The BJP which had surged ahead in the recent past also seems to have hit a roadblock now. There is nervousness among some of the leaders who had joined the saffron party in the recent times, including Konda Visweswar Reddy, Komatireddy Rajagopal Reddy and even Eatala Rajender. Following the Karnataka results, some kind of wavering is visible on their part. All said, the political situation in Telangana is fluid and it remains to be seen how far the Congress or the BRS would be able to change it in their favour.

The youth declaration announced during Priyanka Gandhi’s visit to Hyderabad appears to be receiving positive response from the unemployed youth, though it is too early to come to any conclusion that they would opt for Congress.

TPCC leaders should not get swayed away by Karnataka results and feel that repeated visits of Sonia Gandhi, Rahul Gandhi and Priyanka Gandhi would suffice to catapult them into power. They need to understand that the meetings of these leaders might have helped in enthusing the cadre in Karnataka and may do so to some extent in Telangana, too, but the poll results of Karnataka are to be seen on a larger canvas. Karnataka has a history of not electing the same party for second consecutive time. Two, Karnataka voters have clearly told the leaders of all political parties that they should not be taken for granted. They have also made it clear that blitzkrieg alone – whether it is by Congress or BJP – will not help. They have proved that political parties, including the ruling parties, should not underestimate the voters. It is like the saying, “Do not judge the book by its cover.” The cash doles, allurements may help to some extent but if the people decide to change a government, notwithstanding any amount of doles and appeasement, defeat would be inevitable.

In 2014, huge crowds used to come for the meetings of Y S Jagan Mohan Reddy and Pawan Kalyan’s Jana Sena in Andhra Pradesh. But the swelling support did not get converted into votes. In the 2019 elections, TDP also saw huge crowds coming for its meetings, but it got badly mauled. Rhetoric and emotive appeals may work once or maximum twice – but not always.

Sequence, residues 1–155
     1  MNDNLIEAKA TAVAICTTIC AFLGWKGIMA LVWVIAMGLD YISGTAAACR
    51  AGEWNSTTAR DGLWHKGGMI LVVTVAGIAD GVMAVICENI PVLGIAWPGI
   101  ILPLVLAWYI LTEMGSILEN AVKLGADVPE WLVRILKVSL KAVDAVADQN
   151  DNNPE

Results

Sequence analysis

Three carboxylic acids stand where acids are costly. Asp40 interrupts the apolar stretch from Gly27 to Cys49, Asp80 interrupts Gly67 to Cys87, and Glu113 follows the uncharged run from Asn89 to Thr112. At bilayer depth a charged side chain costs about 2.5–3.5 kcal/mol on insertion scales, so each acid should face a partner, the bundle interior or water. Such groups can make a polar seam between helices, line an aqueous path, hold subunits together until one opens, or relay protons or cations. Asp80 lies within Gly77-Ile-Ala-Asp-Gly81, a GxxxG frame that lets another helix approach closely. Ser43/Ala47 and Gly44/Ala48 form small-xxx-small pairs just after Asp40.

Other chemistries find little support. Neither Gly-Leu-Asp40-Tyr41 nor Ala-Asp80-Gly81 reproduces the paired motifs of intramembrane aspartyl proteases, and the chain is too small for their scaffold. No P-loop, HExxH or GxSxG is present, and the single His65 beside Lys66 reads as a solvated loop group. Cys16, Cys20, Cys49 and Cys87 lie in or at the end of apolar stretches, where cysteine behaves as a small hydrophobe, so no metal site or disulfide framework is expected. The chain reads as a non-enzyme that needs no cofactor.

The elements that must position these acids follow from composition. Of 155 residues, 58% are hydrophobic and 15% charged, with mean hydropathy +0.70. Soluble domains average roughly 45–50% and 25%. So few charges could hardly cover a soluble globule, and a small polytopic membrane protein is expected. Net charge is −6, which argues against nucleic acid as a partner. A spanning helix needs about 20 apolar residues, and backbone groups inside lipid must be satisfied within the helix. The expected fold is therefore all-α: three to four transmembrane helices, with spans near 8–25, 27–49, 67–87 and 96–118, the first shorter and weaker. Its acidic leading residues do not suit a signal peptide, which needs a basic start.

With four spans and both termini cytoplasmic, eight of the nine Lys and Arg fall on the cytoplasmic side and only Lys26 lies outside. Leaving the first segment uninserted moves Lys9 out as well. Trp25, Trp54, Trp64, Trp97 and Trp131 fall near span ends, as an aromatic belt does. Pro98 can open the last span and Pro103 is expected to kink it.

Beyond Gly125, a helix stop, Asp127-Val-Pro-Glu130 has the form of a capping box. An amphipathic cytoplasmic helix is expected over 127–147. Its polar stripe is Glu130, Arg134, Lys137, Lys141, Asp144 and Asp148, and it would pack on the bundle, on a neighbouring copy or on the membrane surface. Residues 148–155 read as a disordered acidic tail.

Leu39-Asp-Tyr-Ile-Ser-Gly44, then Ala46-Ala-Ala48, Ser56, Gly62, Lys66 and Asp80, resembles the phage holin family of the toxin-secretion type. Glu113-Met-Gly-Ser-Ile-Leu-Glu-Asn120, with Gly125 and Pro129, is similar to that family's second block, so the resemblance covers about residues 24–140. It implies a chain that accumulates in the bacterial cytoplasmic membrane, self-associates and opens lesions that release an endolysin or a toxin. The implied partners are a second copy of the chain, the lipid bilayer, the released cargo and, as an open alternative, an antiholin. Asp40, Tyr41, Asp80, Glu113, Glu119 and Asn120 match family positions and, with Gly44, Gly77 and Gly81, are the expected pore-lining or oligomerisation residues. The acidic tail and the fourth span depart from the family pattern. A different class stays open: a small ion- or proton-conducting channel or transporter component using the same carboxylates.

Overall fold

It is, perhaps, realising this that the TRS quickly changed its avatar to BRS and shifted from emotion to development plank. It has also realised that it is high time to address the grievances of people and has started focussing on those issues besides putting up a show that it is going aggressively in national politics, though the way ahead is full of road blocks and it still has a long way to go. Karnataka results gave mixed feelings to BRS. It is happy to the extent that BJP has lost but it is saddened because its ally JD(S) lost the seats which it had won in the last elections and their number of MLAs had taken a nosedive. It seems to have realised that it should ensure that its home turf is safe. Hence, it has been taking certain crucial decisions including scrapping of GO111. This would encourage real estate in 84 villages where land rates would go up. Most of the top leaders are said to have purchased acres and acres of farmlands. They would now be benefited. Moreover, there is a huge chunk of government land as well, which can now be allotted to private companies and with every letter of intention the government can claim that it would bring in thousands of jobs for the local people, which they feel may help them in ensuring the voters, particularly youth, do not look towards its nearest rival the Congress party.

BJP should also make some quick assessment of the ground situation and understand that efforts to polarise votes or talking loud about Hindutva concept cannot work everywhere. What plays an important role in Telangana is inclusive social justice and economic justice. Congress and BRS, too, should also consider these aspects and plan their strategies so that there can be a level-playing field.

If the Congress party in Karnataka can implement at least 50 per cent of the promises it had made during the election campaign in next three to four months, TPCC here can hope to get some additional benefit out of it.

One thing is clear that the Congress win in Karnataka has thrown a stone into the political waters of Telangana and ripples have been created among all parties. This certainly is a positive sign.